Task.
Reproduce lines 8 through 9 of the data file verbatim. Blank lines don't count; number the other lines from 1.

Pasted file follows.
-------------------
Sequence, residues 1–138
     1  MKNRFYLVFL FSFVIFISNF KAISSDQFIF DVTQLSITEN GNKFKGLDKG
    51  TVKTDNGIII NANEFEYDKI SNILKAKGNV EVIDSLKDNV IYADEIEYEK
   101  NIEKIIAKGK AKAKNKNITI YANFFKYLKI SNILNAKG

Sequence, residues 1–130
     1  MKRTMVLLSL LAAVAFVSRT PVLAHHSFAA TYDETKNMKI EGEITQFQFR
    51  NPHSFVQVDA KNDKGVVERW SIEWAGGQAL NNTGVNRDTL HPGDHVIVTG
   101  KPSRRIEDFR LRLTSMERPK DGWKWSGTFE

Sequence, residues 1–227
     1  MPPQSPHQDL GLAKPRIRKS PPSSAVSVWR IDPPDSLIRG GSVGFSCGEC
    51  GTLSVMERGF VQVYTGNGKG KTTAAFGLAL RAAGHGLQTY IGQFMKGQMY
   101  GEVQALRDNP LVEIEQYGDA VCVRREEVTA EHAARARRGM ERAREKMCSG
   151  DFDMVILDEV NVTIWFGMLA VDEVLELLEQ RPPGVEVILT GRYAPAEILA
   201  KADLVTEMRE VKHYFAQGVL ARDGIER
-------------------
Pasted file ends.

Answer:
   101  KPSRRIEDFR LRLTSMERPK DGWKWSGTFE

Sequence, residues 1–227